Which fork to use?
Headquartered in Chicago, Illinois, Hibbard, Spencer, Bartlett & Co. offered a full line of forks, designed for the job at hand. The company shipped inventory from its warehouses to hardware stores nationwide. Shoppers could choose from six hay forks, six header forks, one baler press fork, one barley fork, two ensilage forks, 12 manure forks, four spading forks, one potato-digging fork, one potato scoop fork, one beet fork, one shaving fork, one cotton seed fork, a fork for cinders, ore or stone, one coke fork and one coal fork. Each was designed for a specific purpose.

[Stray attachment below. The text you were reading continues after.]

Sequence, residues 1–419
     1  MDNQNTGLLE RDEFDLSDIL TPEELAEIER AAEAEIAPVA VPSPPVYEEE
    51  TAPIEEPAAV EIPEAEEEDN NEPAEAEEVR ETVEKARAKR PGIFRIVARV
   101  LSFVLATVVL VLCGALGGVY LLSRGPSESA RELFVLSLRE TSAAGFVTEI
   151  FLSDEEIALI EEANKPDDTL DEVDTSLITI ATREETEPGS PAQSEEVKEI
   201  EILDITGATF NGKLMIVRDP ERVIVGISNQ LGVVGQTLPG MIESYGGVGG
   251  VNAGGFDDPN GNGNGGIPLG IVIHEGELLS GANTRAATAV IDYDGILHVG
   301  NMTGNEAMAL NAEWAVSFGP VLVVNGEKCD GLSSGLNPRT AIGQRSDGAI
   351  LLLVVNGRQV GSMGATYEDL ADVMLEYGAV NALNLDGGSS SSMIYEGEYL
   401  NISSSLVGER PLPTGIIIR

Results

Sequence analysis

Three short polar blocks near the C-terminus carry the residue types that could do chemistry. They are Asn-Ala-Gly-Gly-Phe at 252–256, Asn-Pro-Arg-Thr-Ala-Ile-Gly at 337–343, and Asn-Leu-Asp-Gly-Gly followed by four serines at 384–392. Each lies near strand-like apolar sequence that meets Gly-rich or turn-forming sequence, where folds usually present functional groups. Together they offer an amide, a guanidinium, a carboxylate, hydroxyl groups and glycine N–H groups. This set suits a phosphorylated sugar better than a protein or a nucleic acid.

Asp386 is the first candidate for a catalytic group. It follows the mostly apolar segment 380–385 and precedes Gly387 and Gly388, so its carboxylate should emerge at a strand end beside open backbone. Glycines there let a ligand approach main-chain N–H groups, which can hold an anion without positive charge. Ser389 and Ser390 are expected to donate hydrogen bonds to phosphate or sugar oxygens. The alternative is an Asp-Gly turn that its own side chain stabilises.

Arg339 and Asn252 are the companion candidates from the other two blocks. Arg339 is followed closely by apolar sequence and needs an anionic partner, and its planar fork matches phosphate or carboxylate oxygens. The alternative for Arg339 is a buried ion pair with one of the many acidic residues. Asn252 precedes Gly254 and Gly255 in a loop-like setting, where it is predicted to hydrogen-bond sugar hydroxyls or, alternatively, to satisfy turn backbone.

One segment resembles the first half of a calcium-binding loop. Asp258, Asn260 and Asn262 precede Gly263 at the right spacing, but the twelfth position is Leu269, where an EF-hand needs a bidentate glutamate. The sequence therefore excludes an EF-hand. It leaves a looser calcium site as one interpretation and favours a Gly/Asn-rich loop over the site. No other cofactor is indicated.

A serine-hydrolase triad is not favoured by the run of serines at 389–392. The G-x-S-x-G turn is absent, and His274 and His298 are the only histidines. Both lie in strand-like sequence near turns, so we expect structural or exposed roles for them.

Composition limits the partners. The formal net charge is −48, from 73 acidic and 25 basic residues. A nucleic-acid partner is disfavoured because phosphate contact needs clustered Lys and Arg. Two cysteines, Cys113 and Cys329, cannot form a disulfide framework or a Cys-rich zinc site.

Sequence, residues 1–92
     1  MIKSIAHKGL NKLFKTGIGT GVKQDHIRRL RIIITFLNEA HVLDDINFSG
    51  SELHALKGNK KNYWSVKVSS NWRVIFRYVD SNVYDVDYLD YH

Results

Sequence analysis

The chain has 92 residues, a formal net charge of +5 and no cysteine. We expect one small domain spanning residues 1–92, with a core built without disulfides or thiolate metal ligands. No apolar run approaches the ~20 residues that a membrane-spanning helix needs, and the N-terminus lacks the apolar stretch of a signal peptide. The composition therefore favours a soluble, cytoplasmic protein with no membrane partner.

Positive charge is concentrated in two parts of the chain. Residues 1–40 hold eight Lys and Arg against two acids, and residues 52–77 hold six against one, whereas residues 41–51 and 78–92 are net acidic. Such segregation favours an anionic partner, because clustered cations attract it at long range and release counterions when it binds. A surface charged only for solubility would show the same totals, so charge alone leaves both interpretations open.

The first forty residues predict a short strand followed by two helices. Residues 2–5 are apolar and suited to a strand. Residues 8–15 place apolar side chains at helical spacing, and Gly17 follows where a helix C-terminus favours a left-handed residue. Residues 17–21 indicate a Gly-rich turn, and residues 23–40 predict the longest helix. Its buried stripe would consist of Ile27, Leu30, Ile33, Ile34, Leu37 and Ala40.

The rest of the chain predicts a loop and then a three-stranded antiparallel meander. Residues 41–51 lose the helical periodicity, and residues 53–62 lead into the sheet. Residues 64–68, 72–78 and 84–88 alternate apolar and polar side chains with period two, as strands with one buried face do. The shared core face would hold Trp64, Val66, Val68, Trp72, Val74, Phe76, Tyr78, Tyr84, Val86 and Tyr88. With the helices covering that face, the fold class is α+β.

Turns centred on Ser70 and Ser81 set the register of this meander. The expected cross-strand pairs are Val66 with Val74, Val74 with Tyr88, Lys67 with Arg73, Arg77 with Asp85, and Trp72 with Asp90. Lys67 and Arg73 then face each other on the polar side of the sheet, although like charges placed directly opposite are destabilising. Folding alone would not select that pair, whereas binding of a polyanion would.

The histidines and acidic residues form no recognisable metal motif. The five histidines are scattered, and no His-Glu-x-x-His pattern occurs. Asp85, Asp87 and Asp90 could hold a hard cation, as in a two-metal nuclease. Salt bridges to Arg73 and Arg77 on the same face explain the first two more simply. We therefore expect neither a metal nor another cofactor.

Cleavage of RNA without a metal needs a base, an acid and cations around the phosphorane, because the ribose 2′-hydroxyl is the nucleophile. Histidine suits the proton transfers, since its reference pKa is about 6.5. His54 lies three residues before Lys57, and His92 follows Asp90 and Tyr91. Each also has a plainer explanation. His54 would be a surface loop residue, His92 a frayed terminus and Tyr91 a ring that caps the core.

Most farmers needed more than one fork, but on page 229 of the "Hib-Spe-Bar" catalog they could order No. 698, the "Farmer's Fork" with the D-handle, strap ferrule and eight 15-inch, blunt-ended oval tines. Most often, instead of selecting the most appropriate fork from the tool shed, a farmer would grab whatever fork was close at hand, using it for pitching, digging, stabbing, prying, hefting or poking.
|Printer friendly Cite/link Email Feedback|
|Author:||Manning, Dan R.|
|Date:||Nov 1, 2016|
|Previous Article:||Oats are good for your heart: traditional oat harvest was a strenuous, labor-intensive process.|
|Next Article:||Vintage wind farm: Minnesota couple creates unusual display of Antique Windmills.|